The historian Sydney J. Freedberg calls the picture a "bizarria", albeit one achieved through meticulous "realism". For him, the "gentleness and unaffected grace" of the painter's expression is a necessary offset for the "capricious and bizarre" method of composition, so that the whole harmonizes in a way that is strangely true to High Renaissance ideals even whilst totally rejecting them in a Mannerist trompe-l'oeil.
The painting's fame was endorsed by the American poet John Ashbery whose long poem, Self Portrait in a Convex Mirror was the title poem for a collection that earned him a Pulitzer Prize, a National Book Award and a National Book Critic's Circle Award in 1976. The poem, considered by many to be Ashbery's best, and from which the following excerpt is taken, is a mediation on Parmigianino's painting:
The glass chose to reflect only what he saw
Which was enough for his purpose: his image
Glazed, embalmed, projected at 180-degree angle.
The time of day or the density of the light
Adhering to the face keeps it
Lively and intact in a recurring wave
Of arrival. The soul establishes itself.
But how far can it swim out through our eyes
This is the only altarpiece, for the Caccialupi family chapel Parmigianino was commissioned to make whilst in Rome. One of Parmigianino's most accomplished religious works, it shows John the Baptist gesturing towards a vision of the Madonna as Apocalyptic Woman, cresting from tumbling clouds on a crescent of light. The Christ Child is oddly mature in years, large in size, and knowing in aspect. He, like the Baptist, looks directly at the viewer. He also appears to be selecting the passage from the Book of Revelations in which this scene takes place; an interesting detail of self-reference. The picture mixes different temporal perspectives, the same way it plays with spatial relations between figures: the size of the divine figures are for instance much larger than their distance into the background would suggest.
Parmigianino takes his cue from later ideas of Michelangelo's by sacrificing bodily realism for expressive effect: the contorted pose of the Baptist is physically impossible, designed to enhance the musculature of his shoulders and arms and the elongation of his gesturing finger. His usual attribution of a long cruciform is here simplified to split reeds threaded together. Both Christ and the Virgin take a definitive step forward onto a slab of stone, emphasising their position as bridge between the earthly and the divine. The composition is framed and balanced beautifully, on the left by the Baptist's firmly planted foot and leg, up through his slender cross, and then along the gracefully elongated arm of the Virgin. The right-hand side of the frame is closed nicely by the parallel lines traversed by the Baptist's pointing-arm and the elbow of Jerome. Jerome's red robe balances the palette, gently echoed by the Virgin's loose, translucent slip. Freedberg commented that though "the design may have a quality of drama, the temper of the picture remains controlled and suave." Critics have tended to agree that this painting has sharper acuity and greater precision than much of Parmigianino's later work.
The "sheer beauty of the execution" of this painting is highlighted by modern critic David Ekserdjian, showing that its power to enthral has remained consistent over centuries - Vasari himself called it a "picture of extraordinary loveliness". It is the second painting that Parmigianino produced during his Bologna period and is therefore executed with an attitude of refreshed self-belief. Indeed, he was considered the chief talent in the city during his residence there.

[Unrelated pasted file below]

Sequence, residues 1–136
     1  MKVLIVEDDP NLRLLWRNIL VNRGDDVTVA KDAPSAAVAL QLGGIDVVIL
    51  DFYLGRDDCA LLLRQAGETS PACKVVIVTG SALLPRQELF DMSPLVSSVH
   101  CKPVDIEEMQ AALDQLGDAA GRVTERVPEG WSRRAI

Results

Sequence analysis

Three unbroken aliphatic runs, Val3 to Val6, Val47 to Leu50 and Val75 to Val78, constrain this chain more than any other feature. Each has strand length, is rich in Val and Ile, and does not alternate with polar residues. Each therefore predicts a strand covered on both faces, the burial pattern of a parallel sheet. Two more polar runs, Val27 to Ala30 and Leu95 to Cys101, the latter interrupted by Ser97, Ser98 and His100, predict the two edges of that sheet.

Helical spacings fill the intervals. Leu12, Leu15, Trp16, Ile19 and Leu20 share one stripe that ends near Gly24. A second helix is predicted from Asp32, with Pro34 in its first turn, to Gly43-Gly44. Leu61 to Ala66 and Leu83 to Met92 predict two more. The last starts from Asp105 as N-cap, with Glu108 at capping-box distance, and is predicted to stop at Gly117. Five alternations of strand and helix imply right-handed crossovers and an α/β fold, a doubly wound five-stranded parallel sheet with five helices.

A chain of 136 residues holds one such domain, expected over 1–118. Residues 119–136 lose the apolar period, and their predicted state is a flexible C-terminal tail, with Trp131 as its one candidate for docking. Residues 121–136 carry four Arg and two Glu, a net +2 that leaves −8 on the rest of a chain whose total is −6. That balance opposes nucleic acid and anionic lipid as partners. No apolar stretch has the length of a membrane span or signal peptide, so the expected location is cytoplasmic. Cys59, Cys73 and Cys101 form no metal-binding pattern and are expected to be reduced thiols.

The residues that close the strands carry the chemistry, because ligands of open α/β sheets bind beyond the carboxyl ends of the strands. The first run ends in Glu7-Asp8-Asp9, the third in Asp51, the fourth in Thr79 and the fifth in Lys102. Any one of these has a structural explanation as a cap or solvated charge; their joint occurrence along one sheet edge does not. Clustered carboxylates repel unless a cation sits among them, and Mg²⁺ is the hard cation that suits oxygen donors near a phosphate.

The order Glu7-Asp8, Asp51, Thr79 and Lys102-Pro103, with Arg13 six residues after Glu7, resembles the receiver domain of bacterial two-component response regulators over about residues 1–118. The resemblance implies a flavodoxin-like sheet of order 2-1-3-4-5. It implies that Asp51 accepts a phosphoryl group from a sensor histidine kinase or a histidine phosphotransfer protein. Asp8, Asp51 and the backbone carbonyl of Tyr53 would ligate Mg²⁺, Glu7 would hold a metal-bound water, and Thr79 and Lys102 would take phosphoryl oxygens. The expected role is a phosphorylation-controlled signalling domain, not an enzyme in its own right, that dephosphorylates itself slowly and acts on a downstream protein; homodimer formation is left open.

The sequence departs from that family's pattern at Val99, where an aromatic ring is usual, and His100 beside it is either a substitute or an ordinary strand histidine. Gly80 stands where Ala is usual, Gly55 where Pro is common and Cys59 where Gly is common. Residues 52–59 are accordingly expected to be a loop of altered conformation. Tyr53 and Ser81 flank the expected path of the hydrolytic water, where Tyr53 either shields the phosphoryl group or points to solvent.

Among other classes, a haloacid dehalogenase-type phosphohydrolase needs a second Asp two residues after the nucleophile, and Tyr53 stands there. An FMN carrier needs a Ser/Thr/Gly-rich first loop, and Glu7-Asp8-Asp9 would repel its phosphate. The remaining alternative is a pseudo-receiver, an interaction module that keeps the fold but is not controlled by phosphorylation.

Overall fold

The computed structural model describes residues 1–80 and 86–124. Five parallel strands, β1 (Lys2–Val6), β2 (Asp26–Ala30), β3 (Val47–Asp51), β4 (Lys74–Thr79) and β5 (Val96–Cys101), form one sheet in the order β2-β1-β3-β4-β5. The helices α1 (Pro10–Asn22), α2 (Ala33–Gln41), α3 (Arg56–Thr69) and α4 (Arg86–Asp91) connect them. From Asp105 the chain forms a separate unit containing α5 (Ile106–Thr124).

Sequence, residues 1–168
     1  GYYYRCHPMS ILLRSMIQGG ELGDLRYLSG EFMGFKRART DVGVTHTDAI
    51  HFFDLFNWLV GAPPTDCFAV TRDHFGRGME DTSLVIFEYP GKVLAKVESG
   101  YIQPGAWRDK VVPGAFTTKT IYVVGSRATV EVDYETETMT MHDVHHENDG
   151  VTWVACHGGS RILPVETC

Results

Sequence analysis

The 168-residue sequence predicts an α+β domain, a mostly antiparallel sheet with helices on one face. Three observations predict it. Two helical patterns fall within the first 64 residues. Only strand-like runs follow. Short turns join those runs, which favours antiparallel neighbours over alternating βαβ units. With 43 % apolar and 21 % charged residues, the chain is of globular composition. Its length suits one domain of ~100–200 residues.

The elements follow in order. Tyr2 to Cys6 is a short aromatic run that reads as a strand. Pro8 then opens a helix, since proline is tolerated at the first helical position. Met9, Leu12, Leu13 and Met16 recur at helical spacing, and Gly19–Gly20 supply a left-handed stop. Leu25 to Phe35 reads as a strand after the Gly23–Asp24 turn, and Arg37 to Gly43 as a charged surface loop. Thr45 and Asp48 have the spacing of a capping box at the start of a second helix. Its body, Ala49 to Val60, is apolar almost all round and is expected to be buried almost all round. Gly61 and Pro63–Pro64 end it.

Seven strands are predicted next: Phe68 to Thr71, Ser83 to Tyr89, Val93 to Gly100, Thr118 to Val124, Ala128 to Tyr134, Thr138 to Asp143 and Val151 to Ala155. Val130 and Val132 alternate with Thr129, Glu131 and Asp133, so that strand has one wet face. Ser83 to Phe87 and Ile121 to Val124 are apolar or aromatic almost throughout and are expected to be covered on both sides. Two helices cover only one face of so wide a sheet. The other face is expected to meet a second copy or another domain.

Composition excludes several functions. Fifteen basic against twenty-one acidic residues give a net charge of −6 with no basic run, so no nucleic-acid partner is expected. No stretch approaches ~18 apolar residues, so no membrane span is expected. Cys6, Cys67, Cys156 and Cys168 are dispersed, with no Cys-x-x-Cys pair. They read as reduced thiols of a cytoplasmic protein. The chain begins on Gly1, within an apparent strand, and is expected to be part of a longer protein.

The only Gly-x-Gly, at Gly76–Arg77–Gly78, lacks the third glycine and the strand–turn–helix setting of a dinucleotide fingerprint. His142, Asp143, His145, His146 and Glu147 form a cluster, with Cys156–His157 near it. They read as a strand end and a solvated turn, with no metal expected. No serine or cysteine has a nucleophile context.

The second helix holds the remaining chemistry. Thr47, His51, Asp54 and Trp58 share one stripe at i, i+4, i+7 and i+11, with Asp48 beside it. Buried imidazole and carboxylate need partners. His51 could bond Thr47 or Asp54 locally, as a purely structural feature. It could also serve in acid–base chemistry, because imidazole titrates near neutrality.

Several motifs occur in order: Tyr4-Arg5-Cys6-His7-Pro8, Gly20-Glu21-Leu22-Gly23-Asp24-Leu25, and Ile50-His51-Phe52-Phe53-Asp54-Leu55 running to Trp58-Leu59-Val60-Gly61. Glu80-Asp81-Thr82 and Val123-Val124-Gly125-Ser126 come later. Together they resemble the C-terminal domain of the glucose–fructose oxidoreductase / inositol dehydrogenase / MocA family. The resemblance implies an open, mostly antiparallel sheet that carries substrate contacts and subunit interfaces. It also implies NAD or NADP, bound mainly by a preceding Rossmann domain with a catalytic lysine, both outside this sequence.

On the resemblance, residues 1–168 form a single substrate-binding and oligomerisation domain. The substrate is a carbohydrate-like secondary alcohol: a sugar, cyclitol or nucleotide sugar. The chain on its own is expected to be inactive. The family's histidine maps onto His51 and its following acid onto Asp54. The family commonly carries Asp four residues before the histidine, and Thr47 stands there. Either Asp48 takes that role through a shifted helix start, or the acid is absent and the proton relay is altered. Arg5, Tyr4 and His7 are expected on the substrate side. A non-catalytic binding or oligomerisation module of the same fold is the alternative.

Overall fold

St Catherine appears with the spiked-wheel that was used during her martyrdom, and here receives a ring from the Christ Child, symbolising her "marriage" to Christ and therefore her chastity. The child gazes into the face of his mother, who is turned with easy grace away from the viewer, her arm lying in postured elegance down by her side. The arm is echoed in the shapely sliver of foot visible beneath her robe, which in turn rhymes with the composition of Joseph's haloed profile in the bottom left. In the centre-background, meanwhile, a rustic doorway frames two shadowy figures.
Gould comments that the Virgin, "looked at through half-shut eyes, seems to resemble a root vegetable", perhaps hoping to suggest something organic about her pictorial composition. It seems much more likely, however, that Parmigianino would not have expected his audience to view his work in this way. The elongated neck seems to have been conceived of rather in the spirit of grace and elegance (or, perhaps, in a mood of mischief if one reads into it a hint of sacred eroticism). Gould proceeds by saying that "the picture hangs together so perfectly that the eye may not immediately perceive subtleties such as the way the green curtain, curving downward, and Saint Catherine's yellow draperies, curving upward, accentuate her alert and intelligent beauty, or how the doorway in the centre of the background frames both the mysterious figures in front of it, and also the central event of the picture - the exchange of the ring." This ring in fact echoes the one in the convex self-portrait, continuing Parmigianino's motif of bejewelling the focal points of his pictures.
Of perhaps most importance is this painting's feeling of liberty and freedom in its brushstrokes, broader and quicker and more impressionistic than High-Renaissance tastes would allow in a Raphael or a Leonardo. Parmigianino, in his confident mature-phase, manages great pictorial harmony whilst also exploring the radical flourishes of the Mannerist sensibility.